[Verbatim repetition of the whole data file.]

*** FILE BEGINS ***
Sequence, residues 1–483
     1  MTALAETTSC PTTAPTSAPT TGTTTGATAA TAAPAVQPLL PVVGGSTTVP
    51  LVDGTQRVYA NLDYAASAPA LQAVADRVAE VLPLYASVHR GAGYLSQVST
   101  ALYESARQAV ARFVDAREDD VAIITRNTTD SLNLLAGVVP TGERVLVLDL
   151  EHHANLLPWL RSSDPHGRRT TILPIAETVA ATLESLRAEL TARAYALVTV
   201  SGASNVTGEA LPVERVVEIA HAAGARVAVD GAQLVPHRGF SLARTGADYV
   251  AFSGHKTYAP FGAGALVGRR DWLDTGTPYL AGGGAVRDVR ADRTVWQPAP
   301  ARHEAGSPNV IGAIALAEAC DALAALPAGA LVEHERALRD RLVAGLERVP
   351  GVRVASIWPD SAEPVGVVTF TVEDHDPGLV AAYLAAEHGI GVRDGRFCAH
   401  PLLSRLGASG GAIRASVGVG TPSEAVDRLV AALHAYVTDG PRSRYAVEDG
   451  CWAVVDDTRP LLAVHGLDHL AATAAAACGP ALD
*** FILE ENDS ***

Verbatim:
Sequence, residues 1–483
     1  MTALAETTSC PTTAPTSAPT TGTTTGATAA TAAPAVQPLL PVVGGSTTVP
    51  LVDGTQRVYA NLDYAASAPA LQAVADRVAE VLPLYASVHR GAGYLSQVST
   101  ALYESARQAV ARFVDAREDD VAIITRNTTD SLNLLAGVVP TGERVLVLDL
   151  EHHANLLPWL RSSDPHGRRT TILPIAETVA ATLESLRAEL TARAYALVTV
   201  SGASNVTGEA LPVERVVEIA HAAGARVAVD GAQLVPHRGF SLARTGADYV
   251  AFSGHKTYAP FGAGALVGRR DWLDTGTPYL AGGGAVRDVR ADRTVWQPAP
   301  ARHEAGSPNV IGAIALAEAC DALAALPAGA LVEHERALRD RLVAGLERVP
   351  GVRVASIWPD SAEPVGVVTF TVEDHDPGLV AAYLAAEHGI GVRDGRFCAH
   401  PLLSRLGASG GAIRASVGVG TPSEAVDRLV AALHAYVTDG PRSRYAVEDG
   451  CWAVVDDTRP LLAVHGLDHL AATAAAACGP ALD